It feels a bit strange to be making this post when I feel I’ve done this so many times before.
Blogging is something I’ve tried. A lot. And failed. A lot.
My most prominent blogging failure might be the most classic of college traditions–the “abroad blog.” Three years ago, I was on my way to my junior year abroad, as a member of the 40th class of Kenyon College juniors to be spending a year at the University of Exeter, and I decided I would document my experiences in a blog called Merryold. I was nervous, and excited, and mostly just glad to have blessedly not made a mistake in my visa application. Looking back at those old posts, I smile a bit at the feeling I was attempting to capture, still bleary and jetlagged, still kind of stunned at the fact that I was in England.
While I swore I would keep up with my abroad blog, my updates started to peter out. I mostly just summarized the sites I saw and offered some half-baked advice for next year’s Exeter kids about packing light, unsure of what I could really contribute to a world already saturated with travel advice and pastel “expat life” Instagram posts.
England, like college itself, didn’t always feel like it was supposed to, and it was hard to really put that in a blog post, and especially on one named after an England that never really existed in the first place. No one really wanted to read posts about unexpected culture shock or what it was like to experience being a “foreigner” for the first time in my life, right? I deleted the blog after I came back, unsure of what good it would do otherwise. It’s not like stories about spontaneous wild swimming in the Lake District would change the world. But England wormed its way into my heart in the small, endearing moments that didn’t make it into blog posts. Cups of tea and country walks, Wagamama takeaways and Bake Off, kebab shops and singing “Angels” at the end of the night in the club. Kissing my boyfriend goodbye at the Exeter train platform and crying on the three-hour journey back to Heathrow.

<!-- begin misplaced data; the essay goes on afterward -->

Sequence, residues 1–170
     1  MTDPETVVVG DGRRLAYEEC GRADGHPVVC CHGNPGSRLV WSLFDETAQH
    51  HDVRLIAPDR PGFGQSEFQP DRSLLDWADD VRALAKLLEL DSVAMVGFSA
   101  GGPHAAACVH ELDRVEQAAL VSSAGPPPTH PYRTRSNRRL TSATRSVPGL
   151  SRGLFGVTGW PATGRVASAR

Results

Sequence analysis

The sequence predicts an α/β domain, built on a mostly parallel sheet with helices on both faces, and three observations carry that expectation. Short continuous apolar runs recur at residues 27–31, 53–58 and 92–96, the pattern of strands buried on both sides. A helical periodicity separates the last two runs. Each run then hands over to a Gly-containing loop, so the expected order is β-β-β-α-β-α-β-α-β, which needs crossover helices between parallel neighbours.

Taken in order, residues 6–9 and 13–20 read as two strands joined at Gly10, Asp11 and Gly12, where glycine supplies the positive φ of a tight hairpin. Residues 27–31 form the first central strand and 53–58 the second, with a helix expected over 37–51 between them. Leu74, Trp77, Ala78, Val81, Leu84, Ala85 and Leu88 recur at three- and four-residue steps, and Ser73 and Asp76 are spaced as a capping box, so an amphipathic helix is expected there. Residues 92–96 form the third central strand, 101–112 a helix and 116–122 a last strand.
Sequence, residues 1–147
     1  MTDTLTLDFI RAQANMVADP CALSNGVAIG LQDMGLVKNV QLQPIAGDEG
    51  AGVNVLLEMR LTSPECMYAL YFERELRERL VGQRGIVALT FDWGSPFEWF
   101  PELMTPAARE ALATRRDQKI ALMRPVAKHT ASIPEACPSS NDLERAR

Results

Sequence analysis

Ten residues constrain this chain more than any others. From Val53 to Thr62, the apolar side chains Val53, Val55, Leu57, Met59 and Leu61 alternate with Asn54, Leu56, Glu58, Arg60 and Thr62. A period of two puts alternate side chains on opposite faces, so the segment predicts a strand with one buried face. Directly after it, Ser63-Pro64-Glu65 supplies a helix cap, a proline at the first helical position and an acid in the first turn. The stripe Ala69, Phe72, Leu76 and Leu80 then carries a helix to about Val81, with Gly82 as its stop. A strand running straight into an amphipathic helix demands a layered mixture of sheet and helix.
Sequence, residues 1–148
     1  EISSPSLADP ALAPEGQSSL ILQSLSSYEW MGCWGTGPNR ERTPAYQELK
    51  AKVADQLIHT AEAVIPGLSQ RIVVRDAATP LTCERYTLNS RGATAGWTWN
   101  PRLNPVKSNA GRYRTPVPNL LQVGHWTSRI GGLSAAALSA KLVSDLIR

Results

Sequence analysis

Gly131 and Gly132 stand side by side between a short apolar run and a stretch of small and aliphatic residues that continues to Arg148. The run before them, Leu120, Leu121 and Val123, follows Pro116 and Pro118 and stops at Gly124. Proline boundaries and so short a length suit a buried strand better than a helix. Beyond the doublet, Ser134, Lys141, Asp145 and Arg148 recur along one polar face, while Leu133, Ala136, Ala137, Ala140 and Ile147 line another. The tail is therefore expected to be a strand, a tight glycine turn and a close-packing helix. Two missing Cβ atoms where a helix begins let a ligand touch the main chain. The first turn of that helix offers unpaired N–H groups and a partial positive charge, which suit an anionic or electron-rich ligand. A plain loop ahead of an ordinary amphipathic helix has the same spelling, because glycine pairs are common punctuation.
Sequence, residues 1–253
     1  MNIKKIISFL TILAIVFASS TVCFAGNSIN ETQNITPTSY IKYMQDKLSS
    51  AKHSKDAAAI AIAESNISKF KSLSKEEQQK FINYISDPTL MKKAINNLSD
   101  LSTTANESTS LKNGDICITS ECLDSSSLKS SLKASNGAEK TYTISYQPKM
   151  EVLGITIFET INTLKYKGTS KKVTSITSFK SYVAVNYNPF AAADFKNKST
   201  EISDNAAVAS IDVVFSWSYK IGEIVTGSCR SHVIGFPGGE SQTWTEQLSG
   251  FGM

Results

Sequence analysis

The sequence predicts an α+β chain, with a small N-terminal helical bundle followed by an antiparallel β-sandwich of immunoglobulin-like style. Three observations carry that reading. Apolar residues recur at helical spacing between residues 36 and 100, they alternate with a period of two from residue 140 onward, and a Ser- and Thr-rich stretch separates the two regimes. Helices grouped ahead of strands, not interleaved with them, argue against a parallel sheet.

I knew I wanted to go back to England, to see more and to learn more, and somehow, after dreaming of returning for years, I’ve made it happen.
In three weeks, I’ll be touching down in London to begin an MA in Contemporary Art Theory at Goldsmiths, University of London. Tucked away in New Cross, a historic working-class neighborhood in Zone 2, it’s going to be a lot different than studying at Exeter. And a lot different from studying at Kenyon. With a year of the real world in my rearview and a different perspective on England–mainly that it’s not always “merryold,” and that’s what makes it such a special place–I’m eager to see where this journey takes me.
I think I’ll be more consistent with this blog if I don’t place so many expectations on it. Sometimes there might be anecdotes about my travel. Sometimes there might be musings about my grad school experience and writing my dissertation. Sometimes I might write about other topics that interest me, like art and galleries (duh), yoga, literature, plant-based food, and more. There might be some pictures, or playlists, or thoughts on what exactly it means to be an American abroad in the world today.
Thanks for coming along on this ride, wherever it may end up.